Translation:You drink the beer, he makes the dinner.
This might be too meta, but why are there a definite conjugation AND two articles (definite and indefinite ones) in hungarian? Isnt that redundant? I mean by using one of the two conjugations you must use one of the two articles. If it is possible to drop the person pronoun because it is known from the conjugation form, why that isnt the case with the article?
My native language has no articles at all, so I believe they're just not needed :) And it's a fact that all languages are redundant by one way or another... One thing you can see is that the constant articles help to identify a noun quickly.
With the definite conjugation, you must use the definite article. Except when you can drop it. For example, in some cases when the object is in a possessed form. "Látom arcodat" - I see your face. Definite article dropped. The indefinite "egy" can be dropped more frequently.
These tools have been handed down to the language. Maybe they had a more important role at one point. Now, language being as good using all tools it is given as it is, some of these tools are now used for emphasis and nuance. Maybe this is one of those things that only a native can use correctly.
These conjugations certainly went through a lot of change during the times. Ask your question a few hundred years from now and you may get a completely different answer. Or people won't even understand the question. "Articles? What articles??"
Some bonus info here:
In the past tense, the first person singular definite and indefinite conjugations are identical.
Also, as we know, with "-ik" verbs, the present tense first person singular definite conjugation is usually the same as the indefinite conjugation.
So those two situations can make good use of the definite article in distinguishing the definite from the indefinite.
Otherwise, it may be (I am not sure, this is just a total guess) that the definite-indefinite happened earlier and the articles appeared later for a different reason. Or the other way around. And they found a good match in one another.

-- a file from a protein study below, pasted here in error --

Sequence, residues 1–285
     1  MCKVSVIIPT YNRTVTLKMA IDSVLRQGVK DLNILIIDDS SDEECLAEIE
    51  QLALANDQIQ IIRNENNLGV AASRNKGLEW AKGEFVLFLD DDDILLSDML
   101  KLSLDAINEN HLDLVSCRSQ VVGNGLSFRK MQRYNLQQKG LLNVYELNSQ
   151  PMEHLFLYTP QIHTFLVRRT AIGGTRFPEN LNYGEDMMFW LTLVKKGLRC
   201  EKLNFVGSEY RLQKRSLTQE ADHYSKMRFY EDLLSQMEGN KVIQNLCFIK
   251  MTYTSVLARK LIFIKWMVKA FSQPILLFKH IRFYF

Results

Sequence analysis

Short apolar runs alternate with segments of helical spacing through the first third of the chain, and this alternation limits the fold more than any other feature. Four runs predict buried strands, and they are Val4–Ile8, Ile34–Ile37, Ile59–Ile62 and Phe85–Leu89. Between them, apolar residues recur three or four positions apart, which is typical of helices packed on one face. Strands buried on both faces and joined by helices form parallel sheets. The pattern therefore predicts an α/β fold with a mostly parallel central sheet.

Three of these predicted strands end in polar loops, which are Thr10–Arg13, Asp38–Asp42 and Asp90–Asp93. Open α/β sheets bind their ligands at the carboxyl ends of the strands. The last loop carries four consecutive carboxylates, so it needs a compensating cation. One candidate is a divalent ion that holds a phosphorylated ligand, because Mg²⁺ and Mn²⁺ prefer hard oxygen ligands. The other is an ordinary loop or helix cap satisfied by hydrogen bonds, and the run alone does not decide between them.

Also, for example, proper nouns are frequently used without a definite article. "Látom (a) Pétert". Some people prefer with, other people prefer without, a definite article.
What I find very interesting is that Hungarian has articles while Finnish doesn't and I think it never had them. So did Hungarian pick this grammatical feature up at some point and when? What was the language it was adopted from?
As I can see from a few articles online, the definite and indefinite articles usually arise more or less naturally from within a language. Usually, from the demonstrative (English: "that" -> "the", Hungarian: "az" -> "az"/"a", etc.). So, this is a natural process. But there could be significant outside influence, as well. As magyars came into their current location in Europe, the language started to develop more rapidly. Many new words were made, many words were picked up from other languages, the grammar became richer, a lot of cultural influence happened (Latin!), and somehow the definite and indefinite articles came to be. Traces of them can already be found in the earliest written documents, from the 14th-15th centuries, but they probably started appearing much earlier.
Another thing I read is that Hungarian split from its closest relatives at least 3000 years ago, so there was lots of time for these languages to go their own way. For some reason, Finnish did not have the need for those articles to appear. I certainly don't know why. It would probably take a professional linguist.
You are drinnking the beer and she is preparing the dinner. Te iszod a sört, ő pedig készíti a vacsorát.
Your English sentence is OK grammatically, but stylistically it's a bit off. It would be better to have both verbs in the simple form or in the -ing form
Parallelism! Which seems to be important in such contrastive structures - so did someone mention "pedig"?
I am not ready for prime time as to a discussion of pedig, etc. A perhaps simplicistic question here is: Cannot the sentence be more poetically translated as "You are drinking beer, and she is making dinner." (?)
While true, there are times that we don't hace to have the parallel - i just got home, grabbed a beer, and realized someone was making dinner and get up to help. Beside me, a third party say "you drink the beer, he/she is making dinner." (implying they do not need help) In that situation, keeping the parallel structure would actual make the sentence sound less natural, as i was not yet drinking, but he/she is already in the middle of making food, and so needs and "-ing" verb.
And in the Hungarian sentence, when the parallel is not needed, we can play with the word order. For example, your sentence could be translated as:
"Te iszod a sört, ő vacsorát készít."